Korean Education System: Why Is It Good And How It Works?
Every parent is concerned about their child’s education and pitched battles occur between parents and schools about the right way for students to learn.
Some of these conflicts are quite intense, especially over hot-button issues, such as controversial topics, homework, and standardized testing, similarly related to 2018 K-drama Sky Castle. With a push for students to achieve more in their education, many parents have begun to look to the South Korean education system for inspiration in order to find effective ways of improving their children’s education. In this article, we’ll take a look at the Korean education system, what makes it effective, and how it works in order to see what education systems around the world can learn from it.
So, what can we say about education in South Korea?
Going the Extra Mile
South Korea’s education system is one of the strongest in the world, but it is also one of the most difficult.
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The country is famous for the intensity of its education system. Students move through school with a sense of purpose because they are highly motivated toward high achievement, and this desire for high achievement is reinforced by parents, who routinely expect exceptional performance from their kids. Parental involvement is one of the biggest factors shaping how students experience education in South Korea. On average, parents spend 15% of their income on supplementary services to help their children navigate the education system and achieve more. In fact, it is not unheard of for some families to devote 25% of their income in support of their children’s education.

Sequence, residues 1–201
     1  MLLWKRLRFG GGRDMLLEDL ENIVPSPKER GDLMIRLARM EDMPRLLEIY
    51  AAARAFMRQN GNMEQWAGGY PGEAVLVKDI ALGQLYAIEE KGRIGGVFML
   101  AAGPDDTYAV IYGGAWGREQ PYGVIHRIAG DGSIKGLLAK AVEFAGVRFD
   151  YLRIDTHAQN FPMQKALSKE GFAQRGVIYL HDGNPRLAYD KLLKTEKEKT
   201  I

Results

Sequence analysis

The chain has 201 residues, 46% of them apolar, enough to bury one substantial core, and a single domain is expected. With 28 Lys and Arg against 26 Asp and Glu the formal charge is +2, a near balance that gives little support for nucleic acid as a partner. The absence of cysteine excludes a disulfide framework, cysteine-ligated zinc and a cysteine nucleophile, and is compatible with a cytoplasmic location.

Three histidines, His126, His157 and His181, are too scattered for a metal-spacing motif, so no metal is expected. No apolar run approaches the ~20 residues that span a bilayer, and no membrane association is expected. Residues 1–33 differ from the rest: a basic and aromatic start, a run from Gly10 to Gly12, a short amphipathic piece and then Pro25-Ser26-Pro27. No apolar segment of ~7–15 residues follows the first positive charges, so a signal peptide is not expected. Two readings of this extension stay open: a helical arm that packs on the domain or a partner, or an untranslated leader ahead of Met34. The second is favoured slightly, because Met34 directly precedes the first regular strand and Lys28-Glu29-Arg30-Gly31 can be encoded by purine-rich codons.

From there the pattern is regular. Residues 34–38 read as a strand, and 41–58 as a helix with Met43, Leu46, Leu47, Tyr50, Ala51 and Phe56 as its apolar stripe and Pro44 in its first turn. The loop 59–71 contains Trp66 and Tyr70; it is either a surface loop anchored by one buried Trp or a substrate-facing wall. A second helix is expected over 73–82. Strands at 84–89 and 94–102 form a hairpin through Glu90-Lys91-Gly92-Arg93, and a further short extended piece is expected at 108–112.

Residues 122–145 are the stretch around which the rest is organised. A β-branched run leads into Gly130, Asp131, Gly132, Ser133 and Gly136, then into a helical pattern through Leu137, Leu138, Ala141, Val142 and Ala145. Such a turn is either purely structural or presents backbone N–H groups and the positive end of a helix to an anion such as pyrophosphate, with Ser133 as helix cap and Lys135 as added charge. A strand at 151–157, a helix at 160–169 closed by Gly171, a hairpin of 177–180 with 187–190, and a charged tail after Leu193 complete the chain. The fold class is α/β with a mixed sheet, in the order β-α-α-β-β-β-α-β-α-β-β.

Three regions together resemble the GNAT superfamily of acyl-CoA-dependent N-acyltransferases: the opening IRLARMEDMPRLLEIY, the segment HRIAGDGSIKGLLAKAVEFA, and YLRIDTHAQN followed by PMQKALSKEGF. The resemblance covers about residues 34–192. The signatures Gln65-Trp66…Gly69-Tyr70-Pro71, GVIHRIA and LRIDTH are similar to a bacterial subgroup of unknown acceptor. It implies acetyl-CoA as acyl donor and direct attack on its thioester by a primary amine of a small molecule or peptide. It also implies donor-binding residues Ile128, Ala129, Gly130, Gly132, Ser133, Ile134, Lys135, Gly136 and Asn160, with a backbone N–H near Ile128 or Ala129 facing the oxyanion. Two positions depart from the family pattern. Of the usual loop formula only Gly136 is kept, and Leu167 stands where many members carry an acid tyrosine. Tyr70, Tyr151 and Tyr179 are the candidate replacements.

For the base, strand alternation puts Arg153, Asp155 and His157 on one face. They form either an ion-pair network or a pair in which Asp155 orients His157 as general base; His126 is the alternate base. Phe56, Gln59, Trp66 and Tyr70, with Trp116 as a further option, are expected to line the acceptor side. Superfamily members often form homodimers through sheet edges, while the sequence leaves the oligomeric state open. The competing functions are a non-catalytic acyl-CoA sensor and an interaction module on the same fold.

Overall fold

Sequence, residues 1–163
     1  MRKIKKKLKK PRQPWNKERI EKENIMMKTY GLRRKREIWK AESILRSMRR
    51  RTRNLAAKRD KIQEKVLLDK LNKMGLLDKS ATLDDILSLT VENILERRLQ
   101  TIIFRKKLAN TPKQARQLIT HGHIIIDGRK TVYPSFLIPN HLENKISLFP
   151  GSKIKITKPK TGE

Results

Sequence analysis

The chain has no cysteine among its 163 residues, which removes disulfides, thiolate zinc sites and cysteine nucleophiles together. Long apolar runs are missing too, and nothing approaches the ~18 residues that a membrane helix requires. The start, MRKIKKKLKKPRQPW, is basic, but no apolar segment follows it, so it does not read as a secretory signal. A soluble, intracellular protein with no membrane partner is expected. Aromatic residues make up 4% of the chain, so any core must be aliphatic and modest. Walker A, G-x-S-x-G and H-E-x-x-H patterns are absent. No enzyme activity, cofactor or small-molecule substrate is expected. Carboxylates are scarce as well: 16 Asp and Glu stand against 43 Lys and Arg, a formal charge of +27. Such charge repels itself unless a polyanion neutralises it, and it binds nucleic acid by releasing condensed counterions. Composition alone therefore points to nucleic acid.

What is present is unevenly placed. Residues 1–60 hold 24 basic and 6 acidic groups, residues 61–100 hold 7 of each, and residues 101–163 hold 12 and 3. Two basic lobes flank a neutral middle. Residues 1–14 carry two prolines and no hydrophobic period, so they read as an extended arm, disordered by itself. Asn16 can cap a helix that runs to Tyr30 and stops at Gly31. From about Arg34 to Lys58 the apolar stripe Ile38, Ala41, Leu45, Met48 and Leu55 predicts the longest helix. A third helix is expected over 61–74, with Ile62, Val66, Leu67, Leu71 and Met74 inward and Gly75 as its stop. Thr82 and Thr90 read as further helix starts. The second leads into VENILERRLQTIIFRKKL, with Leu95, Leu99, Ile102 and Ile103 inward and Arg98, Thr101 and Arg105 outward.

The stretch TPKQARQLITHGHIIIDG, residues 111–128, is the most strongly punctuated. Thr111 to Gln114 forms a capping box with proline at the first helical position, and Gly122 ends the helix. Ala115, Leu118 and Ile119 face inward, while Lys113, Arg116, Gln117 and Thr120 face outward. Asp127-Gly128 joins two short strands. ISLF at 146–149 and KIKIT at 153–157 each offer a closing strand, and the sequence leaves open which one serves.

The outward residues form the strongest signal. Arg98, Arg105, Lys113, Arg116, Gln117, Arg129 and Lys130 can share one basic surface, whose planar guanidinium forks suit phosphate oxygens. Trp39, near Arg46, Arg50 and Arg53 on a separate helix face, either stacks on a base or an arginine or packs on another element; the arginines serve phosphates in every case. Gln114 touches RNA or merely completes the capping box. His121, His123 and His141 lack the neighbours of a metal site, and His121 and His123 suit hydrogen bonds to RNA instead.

So what are they buying with all that money? Parents are spending it on workbooks, supplementary materials, night classes, and private tutors. South Korean students attend classes in school from 9 AM to 5 PM, and many then go to night courses or work with tutors until 10 PM. Sometimes there is so much homework that students are in lack of time for simple things such as restful sleep, time with family or friends, that is why it is better to come to custom essay writing to free up some time.
This single-minded focus on achieving results measurable by standardized testing means that South Korean students are sacrificing their free time and their childhoods to ensure they squeeze every last point out of their test results.
Benefits of Korean Education System
While the practices described in the previous abstract may seem somewhat over the top, it is worth remembering, that they truly give results.
- Korean students are welcome in universities around the world. South Korean students are much more successful in dealing with any kind of standard tests like GCSE than their western counterparts. That is why many quality universities around the world are interested in students from South Korea.
- Education features a free market. While a grinding system is also rather popular in China, South Korean education is much more “free market” and international oriented. Students are strongly motivated to integrate with different educational and labor processes worldwide.